Me: (Laughing) Yeah. I've heard rumors of a Co-Flow reunion. Is there any truth to that?
El-P: It's still in the rumor phase, but we're gonna re-release Funcrusher Plus, with a DVD and possibly some new songs. That's pretty much as far as we talked about it. In my head, I don't see a reunion happening, but I think that commemorating the 10 year anniversary of that release could be cool, and we have a lot of footage that we never shared with the public. Just doing sort of a collector’s thing. I'm pretty happy doing what I'm doing right now.
Me: Are you and Mr. Len still on amicable terms...
El-P: Very, yeah. We're good friends.
Me: And Jus?
El-P: I don't speak to Jus as much, but it's amicable.
Me: What are your future plans as far as your music is concerned? Who would you like to collaborate with in the future? You collaborated with Cat Power and Trent Reznor and some other folks on this last album...
El-P: I don't really have a short list. I think the collaborations that I do, they have to happen organically…I didn't go out and intentionally seek out these people to be on my record, until it made sense because I had formed relationships with them, I had worked with them...I'm not really the type of person to call someone out of the blue...like, “Oh hey, you've never met me but I want you to be on my record.” That's not really what I do, but I'm open. I think that musicians should be open. Anything that's presented to me that I think is interesting, or could be worthwhile, I'll do.
Me: What do you think about interviews? Do you like conducting interviews? Do you find then kinda annoying?
El-P: Well, It depends on the interview.
Me: I would imagine that you get asked a lot of dumb questions.
El-P: No, you get asked a lot of the same questions, and you try to figure out a way to make it more interesting or different than the last time you answered them. But it's not a big deal, I like talking to people. But sometimes I hate it...not right now though. Sometimes it's the most painful experience that you could possibly endure. Sitting with somebody and trying to talk to them, and you really don't want to talk to anybody. They're asking you questions that you don't think are interesting, or that even sometimes are obnoxious. But every once in a while you do an interview through talking to someone about the record or the music, you discover certain things about the music. Making a record is a lot different than thinking about a record after it's done, you know? You make a record and it's visceral, and it just kinda happens...and then afterwards you're asked to explain in detail why everything happened...you don't really know until you start talking about it.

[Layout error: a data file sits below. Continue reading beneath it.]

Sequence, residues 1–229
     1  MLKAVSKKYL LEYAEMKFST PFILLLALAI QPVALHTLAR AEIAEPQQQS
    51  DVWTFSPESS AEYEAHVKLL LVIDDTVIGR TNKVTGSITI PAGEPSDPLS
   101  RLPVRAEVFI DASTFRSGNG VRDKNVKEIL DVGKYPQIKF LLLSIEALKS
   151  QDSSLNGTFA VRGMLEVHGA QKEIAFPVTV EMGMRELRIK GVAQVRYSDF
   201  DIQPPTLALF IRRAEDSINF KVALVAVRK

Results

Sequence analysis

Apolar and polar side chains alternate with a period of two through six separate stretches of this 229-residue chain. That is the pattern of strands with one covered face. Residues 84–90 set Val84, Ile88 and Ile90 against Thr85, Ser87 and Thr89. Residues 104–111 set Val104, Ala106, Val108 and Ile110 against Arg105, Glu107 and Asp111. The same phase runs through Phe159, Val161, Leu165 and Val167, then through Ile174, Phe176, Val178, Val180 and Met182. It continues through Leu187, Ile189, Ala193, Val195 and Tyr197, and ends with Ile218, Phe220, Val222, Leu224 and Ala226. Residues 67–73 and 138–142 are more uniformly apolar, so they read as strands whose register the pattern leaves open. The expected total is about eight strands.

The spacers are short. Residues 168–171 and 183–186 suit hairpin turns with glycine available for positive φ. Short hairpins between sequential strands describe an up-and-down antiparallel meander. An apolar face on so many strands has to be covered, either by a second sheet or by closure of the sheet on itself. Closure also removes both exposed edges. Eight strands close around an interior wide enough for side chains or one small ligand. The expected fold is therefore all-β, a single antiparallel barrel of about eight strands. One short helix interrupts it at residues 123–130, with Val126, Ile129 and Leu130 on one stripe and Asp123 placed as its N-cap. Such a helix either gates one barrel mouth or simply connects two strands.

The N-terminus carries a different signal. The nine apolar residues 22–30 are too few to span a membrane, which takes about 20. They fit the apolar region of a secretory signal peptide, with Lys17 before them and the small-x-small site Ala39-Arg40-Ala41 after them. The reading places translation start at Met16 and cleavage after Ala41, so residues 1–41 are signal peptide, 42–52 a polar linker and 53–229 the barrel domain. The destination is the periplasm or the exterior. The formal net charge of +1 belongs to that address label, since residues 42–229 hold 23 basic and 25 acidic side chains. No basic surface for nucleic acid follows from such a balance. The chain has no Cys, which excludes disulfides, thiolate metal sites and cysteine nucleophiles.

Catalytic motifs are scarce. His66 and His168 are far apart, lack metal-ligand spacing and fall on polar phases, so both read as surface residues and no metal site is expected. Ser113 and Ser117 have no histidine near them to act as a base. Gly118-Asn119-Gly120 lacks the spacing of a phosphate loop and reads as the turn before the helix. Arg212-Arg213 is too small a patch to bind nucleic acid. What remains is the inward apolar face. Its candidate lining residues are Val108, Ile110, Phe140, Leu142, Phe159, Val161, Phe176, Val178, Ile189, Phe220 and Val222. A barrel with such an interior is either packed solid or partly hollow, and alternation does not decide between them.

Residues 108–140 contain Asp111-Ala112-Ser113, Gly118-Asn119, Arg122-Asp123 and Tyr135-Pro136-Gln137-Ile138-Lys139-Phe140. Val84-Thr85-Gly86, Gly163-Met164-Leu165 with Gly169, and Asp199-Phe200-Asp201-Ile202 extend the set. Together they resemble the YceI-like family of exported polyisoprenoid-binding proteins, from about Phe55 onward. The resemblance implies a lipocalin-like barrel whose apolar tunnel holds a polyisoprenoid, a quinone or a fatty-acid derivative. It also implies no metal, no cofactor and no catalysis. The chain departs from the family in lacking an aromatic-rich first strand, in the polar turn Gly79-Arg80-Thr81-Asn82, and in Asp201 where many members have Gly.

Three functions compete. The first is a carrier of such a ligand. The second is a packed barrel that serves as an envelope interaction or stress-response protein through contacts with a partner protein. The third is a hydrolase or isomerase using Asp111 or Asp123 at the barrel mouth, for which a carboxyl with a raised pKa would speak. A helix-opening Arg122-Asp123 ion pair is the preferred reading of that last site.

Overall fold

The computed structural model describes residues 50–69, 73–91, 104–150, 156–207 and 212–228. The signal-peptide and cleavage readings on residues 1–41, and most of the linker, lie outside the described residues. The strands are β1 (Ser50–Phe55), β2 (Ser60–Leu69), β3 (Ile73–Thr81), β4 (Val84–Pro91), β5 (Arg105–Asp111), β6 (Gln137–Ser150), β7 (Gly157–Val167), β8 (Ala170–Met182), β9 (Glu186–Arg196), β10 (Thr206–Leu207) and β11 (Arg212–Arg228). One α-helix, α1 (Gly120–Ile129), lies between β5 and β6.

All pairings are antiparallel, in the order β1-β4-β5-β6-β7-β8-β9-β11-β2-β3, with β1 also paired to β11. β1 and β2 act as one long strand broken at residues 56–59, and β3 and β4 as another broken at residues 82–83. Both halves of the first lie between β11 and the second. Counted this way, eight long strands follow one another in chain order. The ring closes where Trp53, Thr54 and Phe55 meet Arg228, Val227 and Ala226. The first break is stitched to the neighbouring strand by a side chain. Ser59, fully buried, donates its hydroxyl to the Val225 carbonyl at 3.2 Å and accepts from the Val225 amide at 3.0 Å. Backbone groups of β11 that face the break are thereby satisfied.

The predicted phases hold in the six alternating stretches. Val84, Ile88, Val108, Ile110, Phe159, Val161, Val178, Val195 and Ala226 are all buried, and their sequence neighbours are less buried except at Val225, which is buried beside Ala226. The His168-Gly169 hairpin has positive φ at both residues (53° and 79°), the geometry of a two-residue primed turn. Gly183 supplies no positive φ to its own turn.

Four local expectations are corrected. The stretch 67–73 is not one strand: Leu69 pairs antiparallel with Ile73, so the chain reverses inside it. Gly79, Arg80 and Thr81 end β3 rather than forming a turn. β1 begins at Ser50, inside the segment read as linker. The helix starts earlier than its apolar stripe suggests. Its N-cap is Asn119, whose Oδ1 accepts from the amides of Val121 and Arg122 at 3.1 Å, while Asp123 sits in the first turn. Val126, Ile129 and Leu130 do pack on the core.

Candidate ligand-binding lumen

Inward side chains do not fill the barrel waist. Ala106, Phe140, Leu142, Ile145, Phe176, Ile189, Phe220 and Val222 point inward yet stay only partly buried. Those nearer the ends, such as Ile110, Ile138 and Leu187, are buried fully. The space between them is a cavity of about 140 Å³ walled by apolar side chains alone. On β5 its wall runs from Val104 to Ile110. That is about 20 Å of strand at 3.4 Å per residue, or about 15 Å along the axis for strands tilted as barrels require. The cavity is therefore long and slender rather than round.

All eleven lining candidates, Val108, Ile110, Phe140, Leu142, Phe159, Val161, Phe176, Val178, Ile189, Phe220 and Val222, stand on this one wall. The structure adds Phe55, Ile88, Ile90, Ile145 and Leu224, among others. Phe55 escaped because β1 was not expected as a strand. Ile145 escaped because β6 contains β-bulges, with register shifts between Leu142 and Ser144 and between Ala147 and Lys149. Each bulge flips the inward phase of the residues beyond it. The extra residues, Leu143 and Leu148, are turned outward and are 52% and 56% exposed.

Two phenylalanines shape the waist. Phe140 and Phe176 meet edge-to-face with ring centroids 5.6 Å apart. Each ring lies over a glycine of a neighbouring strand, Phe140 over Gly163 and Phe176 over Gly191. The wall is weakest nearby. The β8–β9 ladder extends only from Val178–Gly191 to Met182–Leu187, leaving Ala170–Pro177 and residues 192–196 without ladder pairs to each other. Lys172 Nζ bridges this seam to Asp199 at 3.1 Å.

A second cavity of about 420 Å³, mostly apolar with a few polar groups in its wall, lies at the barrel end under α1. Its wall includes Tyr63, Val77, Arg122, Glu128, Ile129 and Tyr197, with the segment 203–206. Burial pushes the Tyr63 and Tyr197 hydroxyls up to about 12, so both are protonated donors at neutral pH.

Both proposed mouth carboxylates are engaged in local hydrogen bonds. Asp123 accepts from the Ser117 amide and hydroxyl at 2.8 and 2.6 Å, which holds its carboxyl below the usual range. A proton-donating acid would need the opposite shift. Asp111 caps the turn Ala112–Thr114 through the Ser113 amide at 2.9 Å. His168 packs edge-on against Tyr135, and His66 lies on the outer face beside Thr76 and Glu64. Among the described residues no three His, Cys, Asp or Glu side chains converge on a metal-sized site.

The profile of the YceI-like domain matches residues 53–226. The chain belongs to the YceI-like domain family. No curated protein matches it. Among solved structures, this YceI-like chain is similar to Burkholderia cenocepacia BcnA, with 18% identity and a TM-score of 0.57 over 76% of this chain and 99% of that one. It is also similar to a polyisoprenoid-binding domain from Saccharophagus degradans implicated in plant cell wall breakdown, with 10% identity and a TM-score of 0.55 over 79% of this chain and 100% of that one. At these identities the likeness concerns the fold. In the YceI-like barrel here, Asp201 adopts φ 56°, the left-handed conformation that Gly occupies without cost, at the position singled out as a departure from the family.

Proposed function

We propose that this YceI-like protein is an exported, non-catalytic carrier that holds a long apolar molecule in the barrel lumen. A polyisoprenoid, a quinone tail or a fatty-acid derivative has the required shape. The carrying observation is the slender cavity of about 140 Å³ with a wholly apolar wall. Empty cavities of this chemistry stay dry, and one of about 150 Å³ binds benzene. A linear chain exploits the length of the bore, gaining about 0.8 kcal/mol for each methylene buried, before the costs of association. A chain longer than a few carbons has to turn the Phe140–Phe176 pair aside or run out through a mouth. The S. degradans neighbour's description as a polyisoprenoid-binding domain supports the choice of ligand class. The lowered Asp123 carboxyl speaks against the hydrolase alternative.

Me: Besides the near death experience you had on a plane when the engine blew up, what are other perilous events that have occurred on tours? Have you ever had to beat someone half to death, or nearly gotten beat half to death?
El-P: The more you encounter people, the more weird shit will happen. Of course there have been incidents and things that happen that are either out of your control or you were out of control. I try to limit those things as much as possible....Shit man, you can cross the street and get hit by a car, you know? Mr. Lif was just in a bus accident where they crashed into the barrier...and mountains and dropped thirty feet and the entire bus burned to a cinder. They had to be medivacced out. People broke legs, tore hands apart. Anyone could experience that whether or not you're on the road. But yeah, there's been incidents.
Me: One last question. If you weren't doing what you are doing right now, what other career paths do you think you would like to take? Or when you retire, what do you think you'll do?
El-P: I think I'll probably never retire from music. I'll probably still produce, still do things like film...score movies and work with other artists. I'd like to write a little bit, perhaps, one day.
Me: Like, a novel?
El-P: Yeah, maybe. But who the fuck knows? Who knows if there will be enough time to retire? I hope so. I hope I can be one of those people who retires someday, because they've lived a contented life and they don't want to do it anymore. But right now I'm a fucking workaholic and I can't imagine it. Not to mention I don't know if we're all going to be around. You know?
Me: That's all I can think of asking...do you have any questions for me?
El-P: No. I like your shirt, but that's not really a question, is it?
James Monroe Adams IV is a freelance writer and photojournalist based in San Francisco. James comes from a long line of despots, clergymen, numbers-runners, and long-haul truckers and produces content for Oh Dang! when he is not riding horses across the plains of Mozambique or getting hammered in the streets of San Francisco.
Gretchen Robinette is a freelance photographer who shoots 300-500 photos a day. Double Espressos and Red Bull are her fuel. Photography is her life until the day she dies, and in her grave will be her body and her Canon.